GOING TO THE 2017 PMI GLOBAL CONFERENCE IN CHICAGO?  

Don’t forget about ASK THE EXPERTS!

Stop by and talk to Dave Maynard or one of the other experts.  There’s more information about it at https://tinyurl.com/y7ff8f3g

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Posted by David Maynard on: October 26, 2017 01:47 PM | Permalink | Comments (4)

Rethinking the Charter

Since I retired after 26 years in one company, I have had assignments in various PMOs in different industries.  I’ve been in the energy sector, the insurance sector, credit card services, industrial/manufacturing, and now healthcare.  Every industry has struggled with the project charter.  What does baselining it mean? Does it ever get updated? Who should issue it? And the list goes on.  And while PMOs in all these industries try to invent the perfect process – we are ignoring one important aspect.

The project charter, as defined by PMI, does not meet the needs of today’s business!

Before you call me a heretic and an incompetent – hear me out.  The problem I have with the charter is it becomes a reformatting of existing information, bloated, and redundant – and it doesn’t provide the project team with the most important information it needs.  Shouldn’t the charter give the team a definition of what success looks like?

I propose the charter should be extremely streamlined.  After all, how many people, let along executives, will read a 14 page charter?  Many charter templates contain information that is already in one artifact and will no doubt be included in another.  I propose we throw away the bloated all-inclusive charter of today and replace it with a simple charter.

Project Organizational Wrapper

You need to have the organizational wrapper of project control structures.  If the project pipeline has a defined Demand Process and there is a demand id, it should be in the charter.   This should also be aligned to the business case information – what went into the approval, and other justifications.  No need to repeat them in the charter – they already exist in a corporate database of record.  If information is in two places – that doubles the risk of inconsistency, confusion, and delay.

If you have an integrated project management system (IPMS) that tracks project work in process – then that project id should be there. Projects assume titles and identify from the ideation phase through project initiation.  That title, or name, should be included in the charter because that’s the lingo that has defined the initiative.

Should be results focused

Once the project is ready to kick off, the work initiative needs to be focused on the results.  If your organization is mature enough to be doing Benefits Management Realization, the charter should map directly to the benefit register.  The next section of the charter should be:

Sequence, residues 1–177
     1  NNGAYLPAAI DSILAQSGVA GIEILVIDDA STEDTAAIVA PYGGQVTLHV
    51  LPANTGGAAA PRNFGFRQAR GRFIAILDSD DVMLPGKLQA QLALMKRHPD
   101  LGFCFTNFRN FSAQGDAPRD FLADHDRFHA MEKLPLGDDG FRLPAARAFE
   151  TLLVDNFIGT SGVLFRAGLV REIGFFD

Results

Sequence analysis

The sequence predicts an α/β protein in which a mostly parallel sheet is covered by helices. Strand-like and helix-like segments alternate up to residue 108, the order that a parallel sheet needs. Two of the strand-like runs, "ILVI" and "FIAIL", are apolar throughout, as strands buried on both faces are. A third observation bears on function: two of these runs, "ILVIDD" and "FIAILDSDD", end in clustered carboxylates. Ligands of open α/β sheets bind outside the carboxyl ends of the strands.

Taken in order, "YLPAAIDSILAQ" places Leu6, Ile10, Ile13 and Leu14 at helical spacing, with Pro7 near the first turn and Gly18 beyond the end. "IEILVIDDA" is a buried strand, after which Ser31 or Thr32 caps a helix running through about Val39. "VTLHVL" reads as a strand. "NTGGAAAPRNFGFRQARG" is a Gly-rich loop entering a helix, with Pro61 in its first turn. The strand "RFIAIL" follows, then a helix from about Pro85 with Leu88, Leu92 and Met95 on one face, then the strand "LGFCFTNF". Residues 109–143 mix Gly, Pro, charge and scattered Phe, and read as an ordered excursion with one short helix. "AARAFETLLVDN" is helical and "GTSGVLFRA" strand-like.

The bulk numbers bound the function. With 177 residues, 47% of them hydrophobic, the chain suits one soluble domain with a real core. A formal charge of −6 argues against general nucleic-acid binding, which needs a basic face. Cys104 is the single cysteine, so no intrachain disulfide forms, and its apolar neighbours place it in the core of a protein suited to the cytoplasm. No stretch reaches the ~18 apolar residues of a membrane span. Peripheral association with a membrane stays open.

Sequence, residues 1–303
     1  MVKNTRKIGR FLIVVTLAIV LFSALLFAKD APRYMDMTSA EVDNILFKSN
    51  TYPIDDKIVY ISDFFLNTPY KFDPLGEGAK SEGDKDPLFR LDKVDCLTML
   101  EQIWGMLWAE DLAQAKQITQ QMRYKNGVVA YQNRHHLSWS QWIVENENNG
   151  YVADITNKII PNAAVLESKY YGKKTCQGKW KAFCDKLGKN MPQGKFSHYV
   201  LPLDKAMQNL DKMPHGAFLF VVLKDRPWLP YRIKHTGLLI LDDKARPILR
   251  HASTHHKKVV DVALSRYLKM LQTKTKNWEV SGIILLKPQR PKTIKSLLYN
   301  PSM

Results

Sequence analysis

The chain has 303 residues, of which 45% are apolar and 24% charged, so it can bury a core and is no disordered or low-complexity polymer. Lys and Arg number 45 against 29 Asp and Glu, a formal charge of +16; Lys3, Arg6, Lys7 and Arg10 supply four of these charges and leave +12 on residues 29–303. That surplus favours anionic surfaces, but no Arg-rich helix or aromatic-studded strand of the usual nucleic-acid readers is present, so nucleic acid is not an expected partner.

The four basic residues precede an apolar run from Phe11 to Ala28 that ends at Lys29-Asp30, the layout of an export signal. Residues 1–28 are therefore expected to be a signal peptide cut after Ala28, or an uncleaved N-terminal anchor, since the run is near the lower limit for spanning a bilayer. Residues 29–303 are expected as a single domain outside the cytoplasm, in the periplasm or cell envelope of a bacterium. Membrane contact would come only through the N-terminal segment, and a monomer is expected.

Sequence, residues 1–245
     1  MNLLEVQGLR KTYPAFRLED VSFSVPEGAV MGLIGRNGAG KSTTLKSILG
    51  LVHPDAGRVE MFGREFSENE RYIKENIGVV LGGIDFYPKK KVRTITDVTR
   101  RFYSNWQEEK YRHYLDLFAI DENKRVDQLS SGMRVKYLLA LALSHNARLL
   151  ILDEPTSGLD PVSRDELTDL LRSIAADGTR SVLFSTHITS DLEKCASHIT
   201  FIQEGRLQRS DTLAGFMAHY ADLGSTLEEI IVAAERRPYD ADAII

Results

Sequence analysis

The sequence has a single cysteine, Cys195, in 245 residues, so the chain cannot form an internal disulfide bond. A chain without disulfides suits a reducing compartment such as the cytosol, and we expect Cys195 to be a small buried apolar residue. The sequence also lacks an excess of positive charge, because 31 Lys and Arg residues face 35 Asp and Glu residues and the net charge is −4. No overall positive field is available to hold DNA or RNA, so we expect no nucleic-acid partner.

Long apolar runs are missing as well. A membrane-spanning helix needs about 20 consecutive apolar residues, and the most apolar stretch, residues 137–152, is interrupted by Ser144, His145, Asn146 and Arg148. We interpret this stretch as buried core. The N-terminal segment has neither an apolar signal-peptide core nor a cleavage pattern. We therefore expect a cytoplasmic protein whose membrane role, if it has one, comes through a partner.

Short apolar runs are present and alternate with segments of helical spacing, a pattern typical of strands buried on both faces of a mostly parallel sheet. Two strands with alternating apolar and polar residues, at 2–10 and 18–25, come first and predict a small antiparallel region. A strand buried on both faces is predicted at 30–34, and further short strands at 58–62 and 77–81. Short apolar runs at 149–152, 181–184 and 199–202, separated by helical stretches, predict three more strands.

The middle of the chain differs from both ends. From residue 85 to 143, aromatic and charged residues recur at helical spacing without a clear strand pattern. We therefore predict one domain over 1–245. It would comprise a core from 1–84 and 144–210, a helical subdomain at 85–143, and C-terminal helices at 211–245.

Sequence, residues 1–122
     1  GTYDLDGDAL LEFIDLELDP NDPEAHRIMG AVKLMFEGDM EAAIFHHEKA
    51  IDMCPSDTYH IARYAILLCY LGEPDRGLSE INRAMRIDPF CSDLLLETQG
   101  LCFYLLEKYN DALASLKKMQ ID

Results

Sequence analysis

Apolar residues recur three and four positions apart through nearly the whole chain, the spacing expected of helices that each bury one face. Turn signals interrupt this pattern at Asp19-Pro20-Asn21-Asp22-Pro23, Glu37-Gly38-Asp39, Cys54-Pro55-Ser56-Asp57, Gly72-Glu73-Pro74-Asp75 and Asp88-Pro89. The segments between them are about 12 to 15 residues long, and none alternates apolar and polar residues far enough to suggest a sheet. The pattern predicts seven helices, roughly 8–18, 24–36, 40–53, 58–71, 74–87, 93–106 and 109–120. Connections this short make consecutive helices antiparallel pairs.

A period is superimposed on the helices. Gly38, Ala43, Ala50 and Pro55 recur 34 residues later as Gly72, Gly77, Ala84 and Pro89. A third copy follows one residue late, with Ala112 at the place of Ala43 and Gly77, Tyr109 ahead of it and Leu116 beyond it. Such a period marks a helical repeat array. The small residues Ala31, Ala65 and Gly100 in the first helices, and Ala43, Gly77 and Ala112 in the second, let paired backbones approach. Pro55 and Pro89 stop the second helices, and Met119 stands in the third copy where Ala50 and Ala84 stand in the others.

What does success look like?

Quite simply – what is the vision in reality?  Knowing what success is far outweighs the value of several scope bullet points.  The definition of success can be expressed in several ways including:

Critical success factors

The essential areas of activity that must be performed well if you are to achieve the mission, objectives or goals for your business or project.

What can we do in the future that we can’t do now?

How do we measure success?

Not calling for specific key performance indicators here, but should have an idea of how we will measure success.  It also provides requirements for the product and what are the critical success factors.

External/legal requirements

If you are driven by a legal requirement or an industry standard (HIPPA or an ISO requirement comes to mind) than that should be identified.  The charter must identify conformation to external factors.

What benefits are being realized?

Again, if you have a mature benefits realization process, then the entire benefits quantification/qualification should be in place and your project is delivering outcomes and capabilities to realize the defined benefits.

Organizational RACI

The charter must be able to identify all the organizations that are impacted by the initiative.  After all, how did you get high level estimates for the business case if you didn’t have a means of identifying organizations involved?  This RACI should then be driven to know which groups need to receive and approve the charter. 

Time Frame

What time frame is expected for the organization to start to realize benefits?  Let’s avoid the charade of bottom up estimates and defining the schedule after you have all requirements defined etc.  We are driven by budget cycles and funding is only approved to last so long.  This isn’t to say those things can’t and shouldn’t happen, but at a Charter level – the approval has a defined end time.  This also helps define the scope.

I have purposely omitted several pieces of what is considered part of a charter.  Not that I don’t think they are important, I do, but they belong in defined sections of the project plan.  There is no need for budget as that should already be in the business case approval – and I don’t know if it directly contributes to the definition of the outcomes and capabilities.    Scope is implied in what success looks like and the Critical Success Factors.  If during requirements definition, a question is raised that doesn’t directly support the definition of success, than it is out of scope.  Assumptions, risks, issues, and constraints are all important, but they live elsewhere.  The charter should identify the future state, not dwell on the challenges of the present state.  And the charter should be a onetime document that is not modified or have addendums.  It initiates the work – other artifacts ebb and flow during the project life cycle.